Race and ethnicity in the NBA
The composition of race and ethnicity in the National Basketball Association (NBA) has changed throughout the league's history. The first non-white player to enter the league was Wataru Misaka in 1947. According to racial equality activist Richard Lapchick, the NBA in 2015 was composed of 74.4 percent black players, 23.3 percent white players, 1.8 percent Latino players, and 0.2 percent Asian players. The league has the highest percentage of black players of any major professional sports leagues in the United States and Canada.
The NBA was founded in June 1946, with its first season played in 1946–47. Wataru Misaka debuted in 1947–48 as the first non-white player and the first player of Asian descent to play in the league.
African Americans first appeared in the NBA in 1950. Chuck Cooper was the first black player drafted in the NBA. On April 26, 1950, Harold Hunter signed with the Washington Capitols, becoming the first African American to sign a contract with any NBA team in history. However, Hunter was cut from the team during training camp and did not play professionally. On May 24, Nathaniel "Sweetwater" Clifton was the second African-American player to sign an NBA contract.[a] Earl Lloyd was the first to play in the NBA. Hank DeZonie also played that year. In 1953, Don Barksdale became the first African American to play in an NBA All-Star Game.
With the emergence of African-American players by the 1960s, the NBA game was stylistically being played faster and above the rim. Many of the league's great players were black. At that time, African Americans believed they were limited by an unofficial league quota of four black players per team.
In 2011, Richard Lapchick with The Institute for Diversity and Ethics in Sport (TIDES) of the University of Central Florida reported in their annual Racial and Gender Report Card that 17 percent of the league's players were white, the lowest since the report began in 1990.[b] Hall of Fame player and Indiana Pacers president of basketball operations Larry Bird, who is white, stated in 2004 that the league needed more white players since the league's fans are mostly white. "And if you just had a couple of white guys in there, you might get them [the fans, not the guys] a little excited. But it is a black man's game, and it will be forever. I mean, the greatest athletes in the world are African-American," said Bird.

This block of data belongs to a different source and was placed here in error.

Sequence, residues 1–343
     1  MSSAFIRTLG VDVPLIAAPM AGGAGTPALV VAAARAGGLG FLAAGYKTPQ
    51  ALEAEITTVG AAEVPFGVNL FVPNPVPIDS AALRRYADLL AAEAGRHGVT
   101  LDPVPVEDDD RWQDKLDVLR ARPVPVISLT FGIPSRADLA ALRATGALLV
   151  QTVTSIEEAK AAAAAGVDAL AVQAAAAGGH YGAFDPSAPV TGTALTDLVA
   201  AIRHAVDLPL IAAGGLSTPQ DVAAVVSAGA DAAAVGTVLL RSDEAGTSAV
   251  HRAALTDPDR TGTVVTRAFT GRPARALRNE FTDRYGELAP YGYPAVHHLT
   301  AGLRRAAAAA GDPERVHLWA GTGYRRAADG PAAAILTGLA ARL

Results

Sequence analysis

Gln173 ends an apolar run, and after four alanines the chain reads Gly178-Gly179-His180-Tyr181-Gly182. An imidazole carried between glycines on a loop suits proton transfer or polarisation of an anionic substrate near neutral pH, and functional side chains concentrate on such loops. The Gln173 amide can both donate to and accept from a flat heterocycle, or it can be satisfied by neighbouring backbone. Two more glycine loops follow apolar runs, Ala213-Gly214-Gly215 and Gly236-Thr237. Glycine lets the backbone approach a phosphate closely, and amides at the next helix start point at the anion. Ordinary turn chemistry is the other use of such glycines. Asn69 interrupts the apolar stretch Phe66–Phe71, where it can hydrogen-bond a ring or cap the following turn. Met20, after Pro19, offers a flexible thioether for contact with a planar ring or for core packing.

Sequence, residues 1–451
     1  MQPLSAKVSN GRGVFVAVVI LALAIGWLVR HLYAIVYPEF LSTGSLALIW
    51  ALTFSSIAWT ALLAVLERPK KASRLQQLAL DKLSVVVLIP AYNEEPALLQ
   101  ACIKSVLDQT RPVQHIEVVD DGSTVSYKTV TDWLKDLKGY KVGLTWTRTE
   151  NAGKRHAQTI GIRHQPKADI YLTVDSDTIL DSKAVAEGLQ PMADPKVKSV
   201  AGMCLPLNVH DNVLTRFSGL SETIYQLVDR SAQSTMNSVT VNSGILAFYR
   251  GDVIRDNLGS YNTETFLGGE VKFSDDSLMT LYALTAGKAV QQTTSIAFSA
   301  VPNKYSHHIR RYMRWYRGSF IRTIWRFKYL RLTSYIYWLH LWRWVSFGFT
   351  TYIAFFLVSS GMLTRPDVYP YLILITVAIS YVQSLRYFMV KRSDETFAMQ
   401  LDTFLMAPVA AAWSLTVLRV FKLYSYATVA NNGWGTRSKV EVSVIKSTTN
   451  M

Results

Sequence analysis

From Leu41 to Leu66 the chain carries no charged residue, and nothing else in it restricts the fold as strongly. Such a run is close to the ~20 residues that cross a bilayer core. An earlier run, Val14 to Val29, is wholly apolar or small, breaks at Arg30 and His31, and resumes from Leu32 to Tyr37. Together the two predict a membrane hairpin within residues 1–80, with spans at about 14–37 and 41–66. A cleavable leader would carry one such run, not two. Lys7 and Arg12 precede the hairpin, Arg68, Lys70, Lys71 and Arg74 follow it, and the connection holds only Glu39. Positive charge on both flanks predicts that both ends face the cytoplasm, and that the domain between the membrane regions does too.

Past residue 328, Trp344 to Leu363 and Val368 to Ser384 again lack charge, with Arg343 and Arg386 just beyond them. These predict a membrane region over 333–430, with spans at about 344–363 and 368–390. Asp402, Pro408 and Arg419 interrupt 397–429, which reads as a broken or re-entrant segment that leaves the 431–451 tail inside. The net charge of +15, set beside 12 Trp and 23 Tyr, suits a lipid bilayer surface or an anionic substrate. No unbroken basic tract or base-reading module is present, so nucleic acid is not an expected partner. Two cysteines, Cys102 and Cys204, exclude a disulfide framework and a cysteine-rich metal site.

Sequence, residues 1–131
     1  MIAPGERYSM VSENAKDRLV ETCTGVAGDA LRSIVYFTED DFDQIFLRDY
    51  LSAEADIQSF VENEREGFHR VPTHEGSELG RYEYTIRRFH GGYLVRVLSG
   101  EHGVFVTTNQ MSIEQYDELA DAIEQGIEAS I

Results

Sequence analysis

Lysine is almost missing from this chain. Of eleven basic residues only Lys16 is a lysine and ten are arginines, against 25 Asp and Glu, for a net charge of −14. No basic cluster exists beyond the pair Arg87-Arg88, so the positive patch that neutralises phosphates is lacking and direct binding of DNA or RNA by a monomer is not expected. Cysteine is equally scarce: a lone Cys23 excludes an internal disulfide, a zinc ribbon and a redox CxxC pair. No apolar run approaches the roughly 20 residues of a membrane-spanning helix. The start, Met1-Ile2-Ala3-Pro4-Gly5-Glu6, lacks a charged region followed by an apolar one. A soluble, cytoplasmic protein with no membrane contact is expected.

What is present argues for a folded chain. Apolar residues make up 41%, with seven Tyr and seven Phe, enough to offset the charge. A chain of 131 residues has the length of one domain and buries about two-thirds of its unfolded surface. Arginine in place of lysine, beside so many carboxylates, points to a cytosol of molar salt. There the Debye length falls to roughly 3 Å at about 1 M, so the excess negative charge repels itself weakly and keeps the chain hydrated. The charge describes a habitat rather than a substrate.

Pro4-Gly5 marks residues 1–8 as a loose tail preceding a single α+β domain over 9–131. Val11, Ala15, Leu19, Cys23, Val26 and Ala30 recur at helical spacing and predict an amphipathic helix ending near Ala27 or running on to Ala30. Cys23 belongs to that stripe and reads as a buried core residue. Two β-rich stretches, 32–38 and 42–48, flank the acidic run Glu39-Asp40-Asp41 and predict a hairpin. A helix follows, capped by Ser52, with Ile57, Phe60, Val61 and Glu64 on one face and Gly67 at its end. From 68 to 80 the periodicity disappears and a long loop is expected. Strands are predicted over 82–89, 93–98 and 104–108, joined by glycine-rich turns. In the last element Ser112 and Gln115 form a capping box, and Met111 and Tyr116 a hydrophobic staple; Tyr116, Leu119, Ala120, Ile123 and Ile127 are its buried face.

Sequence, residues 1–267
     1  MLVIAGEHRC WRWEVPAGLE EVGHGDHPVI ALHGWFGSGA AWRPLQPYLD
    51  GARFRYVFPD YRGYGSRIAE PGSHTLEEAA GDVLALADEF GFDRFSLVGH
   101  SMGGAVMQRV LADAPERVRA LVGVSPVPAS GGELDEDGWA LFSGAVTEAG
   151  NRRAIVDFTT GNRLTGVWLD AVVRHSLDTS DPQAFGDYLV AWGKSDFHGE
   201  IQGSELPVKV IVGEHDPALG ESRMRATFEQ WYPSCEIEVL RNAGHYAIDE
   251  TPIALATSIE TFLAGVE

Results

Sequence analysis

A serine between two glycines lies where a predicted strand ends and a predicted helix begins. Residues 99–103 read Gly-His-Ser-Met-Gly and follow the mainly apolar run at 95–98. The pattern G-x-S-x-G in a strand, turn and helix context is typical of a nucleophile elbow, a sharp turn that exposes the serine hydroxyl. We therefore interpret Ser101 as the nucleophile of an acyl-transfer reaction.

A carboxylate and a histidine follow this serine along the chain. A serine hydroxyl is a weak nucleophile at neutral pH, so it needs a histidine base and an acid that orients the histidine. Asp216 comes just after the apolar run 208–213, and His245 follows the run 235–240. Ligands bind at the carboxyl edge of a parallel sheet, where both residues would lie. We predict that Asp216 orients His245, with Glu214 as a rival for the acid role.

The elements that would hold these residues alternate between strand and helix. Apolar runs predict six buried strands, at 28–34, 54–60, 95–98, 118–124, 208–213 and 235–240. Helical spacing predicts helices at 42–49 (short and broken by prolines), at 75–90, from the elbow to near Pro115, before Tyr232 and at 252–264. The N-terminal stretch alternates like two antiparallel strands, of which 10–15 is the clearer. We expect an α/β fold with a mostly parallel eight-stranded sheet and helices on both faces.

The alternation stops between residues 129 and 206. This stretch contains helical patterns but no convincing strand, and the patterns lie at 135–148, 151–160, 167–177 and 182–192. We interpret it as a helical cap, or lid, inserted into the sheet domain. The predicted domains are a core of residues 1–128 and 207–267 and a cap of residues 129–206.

More recently, a number of commentators have remarked on the league's dwindling number of white American players. While a TIDES study found that the NBA was 18.3% white in the 2015–16 season, this number also included non-Americans, most notably Europeans. During the entire 1996–97 season, only three NBA teams did not field an American-born white; on the opening day of the 2016–17 season, eight teams did not have a white American on their roster, and an additional 10 teams had only one. At the latter point in time, fewer than 10% of NBA players were American-born whites (43 out of a possible 450).
Bill Russell in 1966 became the first non-white and African-American head coach in the NBA. In the late 1980s, teams began hiring black coaches in large numbers. At the start of the 2015–16 season, there were seven black head coaches in the league, down 50 percent from three years earlier, and the fewest in 16 years. At the conclusion of the 2016-17 season there were eight African American head coaches.
Robert Johnson of the Charlotte Bobcats (now known as the Charlotte Hornets) was the first black majority team owner in the NBA in 2004–05. He was succeeded as Bobcats owner in 2010–11 by another African American, Michael Jordan. In 2013–14, Jordan and Sacramento Kings owner Vivek Ranadivé, who is Indian, marked the first time in the history of major pro sports leagues in the U.S. that there were two non-white majority owners in a league.
- Baseball color line
- List of foreign NBA players
- List of foreign NBA coaches
- Race and ethnicity in the NHL
- Race and ethnicity in the United States
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This is the second year the center issued its 'Racial Report Card.'
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- NBA Racial & Gender Report Card archive at tidesport.org